There’s a couple of adjustments we make, we carry the one wrench we need to do it with us on the tractor all the time. Other than the up and down just to be sure you’re riding in the dirt, the spyders themselves need to be adjusted in and out depending on the canopy of the crop. You don’t want to be yanking out the crop so when, let's say corn is very small, you run down and have them quite close together, as the corn gets larger and gets some leaf, you move them apart. The other adjustment is to turn the spyders the other way to actually do some hilling for those crops that don’t mind being hilled.

With our corn strategy, real quick is that the initial thing is that we rototill it to start out with a clean seed bed, plant right away, 3, 4, 5 days depending on the time of year depending on how quickly the corn germinates we’ll go in and run a Lely tine cultivator, it’s a blind cultivation well before the corn is even coming up through the ground. Like I say an average of about 4 days after we plant just to try to keep the weeds from flushing up. Shortly after the corn comes through, like at spike stage or just after spike, we’ll Lely blind cultivate one more time. And if the weather’s been good and the timing is right and we didn’t get caught up doing something else and lose track of the corn we can get it to where the corn is up 4, 5, 6 inches tall and the only weeds that are there are really itty-bitty. And you come through with the Bezzerides and do a bit of hilling and stuff and the corn can be real clean. We may Bezzerides twice, maybe hill, again it depends on the time of year, how quickly the corn is growing, whether it’s early planted corn or late season corn last time through we’ll just put discs on and do a rather aggressive hilling both to smother anything that still survived. Also to help hold the corn up if we get a thunder storm or whatever, it can make quite a difference. Corn I’d say by the time we do that final hilling, it’s probably about yea high just scraping underneath the belly of the tractor. What we try to do is two Lelys and I would say two Bezzerides through the field and then a disk hill so it’s probably five cultivations, two blind and two Bezzerides and one quick throw the dirt at it.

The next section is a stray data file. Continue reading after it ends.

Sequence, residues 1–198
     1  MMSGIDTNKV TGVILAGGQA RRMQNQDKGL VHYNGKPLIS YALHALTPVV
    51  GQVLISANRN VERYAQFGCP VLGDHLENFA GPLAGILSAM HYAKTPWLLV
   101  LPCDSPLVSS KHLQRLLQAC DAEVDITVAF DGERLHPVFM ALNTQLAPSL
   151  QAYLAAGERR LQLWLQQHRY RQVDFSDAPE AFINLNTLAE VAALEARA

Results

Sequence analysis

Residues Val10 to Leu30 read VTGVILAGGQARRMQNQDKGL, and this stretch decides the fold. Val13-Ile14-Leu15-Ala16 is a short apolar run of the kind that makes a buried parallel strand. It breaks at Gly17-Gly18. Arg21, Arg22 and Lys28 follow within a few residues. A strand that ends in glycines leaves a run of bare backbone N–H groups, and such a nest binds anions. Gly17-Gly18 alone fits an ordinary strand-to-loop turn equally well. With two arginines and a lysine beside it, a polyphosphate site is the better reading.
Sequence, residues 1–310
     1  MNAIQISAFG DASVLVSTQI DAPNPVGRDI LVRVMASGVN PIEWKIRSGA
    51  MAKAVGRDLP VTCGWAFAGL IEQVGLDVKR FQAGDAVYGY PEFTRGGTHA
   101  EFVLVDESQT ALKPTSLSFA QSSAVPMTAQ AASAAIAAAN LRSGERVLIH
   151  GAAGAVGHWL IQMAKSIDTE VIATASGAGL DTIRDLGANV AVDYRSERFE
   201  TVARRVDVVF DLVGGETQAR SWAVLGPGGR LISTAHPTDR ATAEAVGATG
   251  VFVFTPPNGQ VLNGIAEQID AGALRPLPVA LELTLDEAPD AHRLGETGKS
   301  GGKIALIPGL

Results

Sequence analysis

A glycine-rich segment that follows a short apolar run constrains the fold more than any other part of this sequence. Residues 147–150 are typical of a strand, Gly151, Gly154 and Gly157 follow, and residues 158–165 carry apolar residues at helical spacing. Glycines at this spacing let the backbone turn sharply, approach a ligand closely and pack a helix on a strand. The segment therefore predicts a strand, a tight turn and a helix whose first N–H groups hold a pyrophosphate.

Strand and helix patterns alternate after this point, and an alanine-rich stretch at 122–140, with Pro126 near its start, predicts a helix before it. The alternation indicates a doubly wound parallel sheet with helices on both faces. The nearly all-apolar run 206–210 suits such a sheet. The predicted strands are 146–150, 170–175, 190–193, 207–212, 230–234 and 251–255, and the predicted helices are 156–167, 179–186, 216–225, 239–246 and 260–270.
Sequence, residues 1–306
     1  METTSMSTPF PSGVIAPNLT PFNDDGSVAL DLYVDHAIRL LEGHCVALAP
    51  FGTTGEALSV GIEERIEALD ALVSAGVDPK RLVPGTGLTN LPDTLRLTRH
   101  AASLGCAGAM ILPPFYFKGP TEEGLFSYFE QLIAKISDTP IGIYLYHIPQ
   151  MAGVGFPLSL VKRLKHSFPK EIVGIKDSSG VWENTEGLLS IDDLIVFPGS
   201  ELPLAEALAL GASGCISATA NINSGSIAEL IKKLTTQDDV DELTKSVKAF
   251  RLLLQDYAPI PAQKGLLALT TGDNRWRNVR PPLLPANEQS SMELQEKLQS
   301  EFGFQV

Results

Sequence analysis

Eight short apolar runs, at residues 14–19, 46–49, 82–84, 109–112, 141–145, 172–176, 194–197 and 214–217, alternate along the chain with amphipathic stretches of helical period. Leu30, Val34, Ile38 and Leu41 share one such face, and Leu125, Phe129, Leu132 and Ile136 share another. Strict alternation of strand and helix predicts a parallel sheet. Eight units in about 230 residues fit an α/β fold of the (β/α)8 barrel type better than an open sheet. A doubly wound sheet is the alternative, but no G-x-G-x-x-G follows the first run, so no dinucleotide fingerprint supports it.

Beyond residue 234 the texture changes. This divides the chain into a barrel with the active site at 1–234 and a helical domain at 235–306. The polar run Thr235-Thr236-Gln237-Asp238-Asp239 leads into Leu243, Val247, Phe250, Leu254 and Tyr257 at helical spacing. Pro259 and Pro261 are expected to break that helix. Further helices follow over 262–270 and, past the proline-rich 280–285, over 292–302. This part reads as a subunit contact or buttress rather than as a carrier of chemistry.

This video project was funded in part by the Northeast Sustainable Agriculture Research and Education Program (USDA). 

This is an eOrganic article and was reviewed for compliance with National Organic Program regulations by members of the eOrganic community. Always check with your organic certification agency before adopting new practices or using new materials. For more information, refer to eOrganic's articles on organic certification.

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This work is supported by the USDA National Institute of Food and Agriculture, New Technologies for Ag Extension project.